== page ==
I was reading Terri Jentz’s book Strange Piece of Paradise and the second chapter really inspired me to think about boxes. In the book, Jentz attempts to uncover the mystery of who ran her (and a friend) over with a pickup truck and then attacked her with an axe as they camped in a public park in Oregon in 1977. Beyond the intensity and repercussions of the crime, the chapter entitled “Escape from the Dead Zone” is about Jentz going through a cardboard box she kept in the garage filled with memorabilia. The items she had with her at the time of the attack exude a “musty odor” and “the scent of sadness.” She goes on to write that, “all of these items with their charged memories, cooking for fifteen years, mingling their juices…they had congealed into a tangy essence of that night in 1977.”
It also reminded me of a talk by JJ Abrams, director of the most recent Star Wars movie, The Force Awakens. He asks this question about his Mystery Magic Box in a TED talk, “The premise behind the mystery magic box was the following: 15 dollars buys you 50 dollars worth of magic. Which is a savings. Now, I bought this decades ago and I’m not kidding. If you look at this, you’ll see it’s never been opened. But I’ve had this forever. Now, I was looking at this, it was in my office, as it always is, on the shelf, and I was thinking, why have I not opened this? And why have I kept it? Because I’m not a pack rat. I don’t keep everything but for some reason I haven’t opened this box. And I felt like there was a key to this, somehow, in talking about something at TED that I haven’t discussed before, and bored people elsewhere. So I thought, maybe there’s something with this. I started thinking about it. And there was this giant question mark. I love the design, for what it’s worth, of this thing. And I started thinking, why haven’t I opened it?”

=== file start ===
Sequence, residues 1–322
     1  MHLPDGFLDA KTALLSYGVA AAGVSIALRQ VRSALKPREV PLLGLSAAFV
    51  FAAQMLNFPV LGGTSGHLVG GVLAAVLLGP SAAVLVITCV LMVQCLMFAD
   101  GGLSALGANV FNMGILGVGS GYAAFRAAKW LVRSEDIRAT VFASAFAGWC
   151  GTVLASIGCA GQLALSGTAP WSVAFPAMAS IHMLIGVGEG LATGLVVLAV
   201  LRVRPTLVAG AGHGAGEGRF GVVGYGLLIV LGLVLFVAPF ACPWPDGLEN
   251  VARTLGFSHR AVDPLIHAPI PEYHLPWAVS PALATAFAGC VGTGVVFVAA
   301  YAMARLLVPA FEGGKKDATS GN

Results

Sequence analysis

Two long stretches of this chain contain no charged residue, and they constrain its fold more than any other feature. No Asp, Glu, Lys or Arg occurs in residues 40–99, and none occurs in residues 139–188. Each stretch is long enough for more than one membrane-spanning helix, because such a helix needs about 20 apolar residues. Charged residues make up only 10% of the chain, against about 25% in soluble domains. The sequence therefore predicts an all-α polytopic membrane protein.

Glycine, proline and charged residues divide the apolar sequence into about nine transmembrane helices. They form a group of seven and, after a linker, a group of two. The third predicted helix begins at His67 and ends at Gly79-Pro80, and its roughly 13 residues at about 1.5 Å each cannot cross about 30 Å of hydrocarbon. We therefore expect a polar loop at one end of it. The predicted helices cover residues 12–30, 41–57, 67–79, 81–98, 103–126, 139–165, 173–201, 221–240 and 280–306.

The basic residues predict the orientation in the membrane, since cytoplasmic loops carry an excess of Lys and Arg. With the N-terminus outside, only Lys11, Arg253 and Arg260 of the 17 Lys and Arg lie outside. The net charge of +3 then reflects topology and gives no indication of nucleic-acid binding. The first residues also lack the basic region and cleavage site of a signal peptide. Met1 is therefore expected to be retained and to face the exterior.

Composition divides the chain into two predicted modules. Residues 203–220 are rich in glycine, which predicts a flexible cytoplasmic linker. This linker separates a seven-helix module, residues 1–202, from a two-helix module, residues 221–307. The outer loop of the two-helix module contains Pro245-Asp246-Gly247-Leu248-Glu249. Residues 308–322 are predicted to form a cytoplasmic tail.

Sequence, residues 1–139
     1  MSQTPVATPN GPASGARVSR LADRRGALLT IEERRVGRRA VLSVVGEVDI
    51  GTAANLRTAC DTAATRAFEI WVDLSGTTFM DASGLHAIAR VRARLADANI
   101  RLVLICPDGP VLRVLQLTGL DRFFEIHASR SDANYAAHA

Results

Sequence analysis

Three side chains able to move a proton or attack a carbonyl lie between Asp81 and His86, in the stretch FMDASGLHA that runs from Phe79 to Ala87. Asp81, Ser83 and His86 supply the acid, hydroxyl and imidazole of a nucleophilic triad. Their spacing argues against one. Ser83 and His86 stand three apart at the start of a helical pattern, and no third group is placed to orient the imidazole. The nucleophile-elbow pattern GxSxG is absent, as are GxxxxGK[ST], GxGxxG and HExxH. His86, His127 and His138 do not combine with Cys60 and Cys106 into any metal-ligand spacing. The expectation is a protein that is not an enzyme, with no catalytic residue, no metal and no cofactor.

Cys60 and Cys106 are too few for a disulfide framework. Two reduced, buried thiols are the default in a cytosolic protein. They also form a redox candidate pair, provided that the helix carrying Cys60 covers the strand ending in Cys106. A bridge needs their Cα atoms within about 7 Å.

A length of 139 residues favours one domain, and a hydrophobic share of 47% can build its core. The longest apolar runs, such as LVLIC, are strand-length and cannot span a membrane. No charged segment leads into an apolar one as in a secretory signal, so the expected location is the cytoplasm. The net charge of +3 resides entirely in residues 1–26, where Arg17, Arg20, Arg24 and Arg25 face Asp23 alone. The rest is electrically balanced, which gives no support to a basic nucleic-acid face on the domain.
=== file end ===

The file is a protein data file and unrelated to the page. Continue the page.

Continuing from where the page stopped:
I don’t know if there is anyone without a box. In the last stunt writing class there were so many people writing about trying to overcome their clutter and downsize we created an entire forum devoted to resources for this group alone. And in those boxes were a lot of nostalgia, loss, confusion, mystery, and some things to savor. The boxes contained the drama of human lives; where the interpreter of the contents and the person who originally kept the items are not necessarily the same.
Jentz’s book is about the journey that began with opening her box, and it inspired me to write a bit about my own boxes. Over the holidays at my parent’s house my husband found a letter I had meant to send to my best friend. The envelope included a ticket stub to a concert I had attended with a note that said, “Get in your time machine and meet me at this concert. It will be fun!” There was something very charming about this to me, because the nonsensical notion reminded me of a playful, imaginative part of myself.
Another box that looms large for me is the one I found in my grandfather’s closet in Debuque, Iowa. He was nearing his deathbed and I was, and still am, an endlessly curious cat. I would do anything to have this box now, and I wish I had stolen it, but I was an honest girl and immediately told my mother and her sisters what I had found. A gold bridge for someone’s teeth, sheaves of letters from my grandfather’s brother writing from a nit-infested bed at Notre Dame college, a small snub-nosed pistol perfect for a purse. Now, that box is someone else’s – but I can’t say that it any less belongs to me. I see that now. I can also see that room with the closet. My grandparent’s chinoiserie bedroom furniture, the *amazing* blooming peony wallpaper that had illustrations in velvet and gold. The 50s hand-linens in the cabinet. Soaps shaped like roses, never used. Many more things if I could just let myself linger a bit longer. Pepsodent toothpaste. Coca Cola in bottles, chocolate covered cherries as gifts. A workman’s basement with a pencil scrawl on the plaster whitewall above the work sink that said Bernie loves Jeannie. My grandma’s dyed black beehive heading into the 70s, with two perfect side curls spiraling down. That house belongs to my cousin now, but I do have a painting from their house that proudly hangs in my bedroom.
For this post, I went through the three paragraph excerpt of Terry Jentz’s Strange Piece of Paradise section where she opens the box and did an analysis of the craft behind the effect of the words on the page. If you would like to download the page, you can do so here as a PDF. Take a look at how she uses descriptive sensory words. Her choice of nouns, such as “reliquary.” In the passage she goes from present to a flashback and then back to present.
An exercise: write about a box you have opened. Stay in the present moment of opening the box, then a paragraph with a flashback to an earlier moment based on one of the items in the box, then back to the present.
As always, feel free to add your comments below.